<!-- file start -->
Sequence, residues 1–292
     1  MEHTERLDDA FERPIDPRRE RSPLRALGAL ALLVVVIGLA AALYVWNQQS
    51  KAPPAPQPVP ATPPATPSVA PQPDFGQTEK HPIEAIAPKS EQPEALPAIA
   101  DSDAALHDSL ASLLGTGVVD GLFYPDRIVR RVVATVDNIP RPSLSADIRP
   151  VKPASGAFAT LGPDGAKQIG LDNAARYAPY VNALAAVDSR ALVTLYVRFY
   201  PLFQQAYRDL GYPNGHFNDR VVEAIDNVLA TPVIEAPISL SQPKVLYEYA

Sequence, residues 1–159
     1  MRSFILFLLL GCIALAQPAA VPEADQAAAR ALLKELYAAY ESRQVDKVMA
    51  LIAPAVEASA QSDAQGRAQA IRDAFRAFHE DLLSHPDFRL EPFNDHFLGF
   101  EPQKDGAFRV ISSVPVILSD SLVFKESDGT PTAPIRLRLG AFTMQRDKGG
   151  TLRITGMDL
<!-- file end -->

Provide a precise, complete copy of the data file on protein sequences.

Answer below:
Sequence, residues 1–292
     1  MEHTERLDDA FERPIDPRRE RSPLRALGAL ALLVVVIGLA AALYVWNQQS
    51  KAPPAPQPVP ATPPATPSVA PQPDFGQTEK HPIEAIAPKS EQPEALPAIA
   101  DSDAALHDSL ASLLGTGVVD GLFYPDRIVR RVVATVDNIP RPSLSADIRP
   151  VKPASGAFAT LGPDGAKQIG LDNAARYAPY VNALAAVDSR ALVTLYVRFY
   201  PLFQQAYRDL GYPNGHFNDR VVEAIDNVLA TPVIEAPISL SQPKVLYEYA

Sequence, residues 1–159
     1  MRSFILFLLL GCIALAQPAA VPEADQAAAR ALLKELYAAY ESRQVDKVMA
    51  LIAPAVEASA QSDAQGRAQA IRDAFRAFHE DLLSHPDFRL EPFNDHFLGF
   101  EPQKDGAFRV ISSVPVILSD SLVFKESDGT PTAPIRLRLG AFTMQRDKGG
   151  TLRITGMDL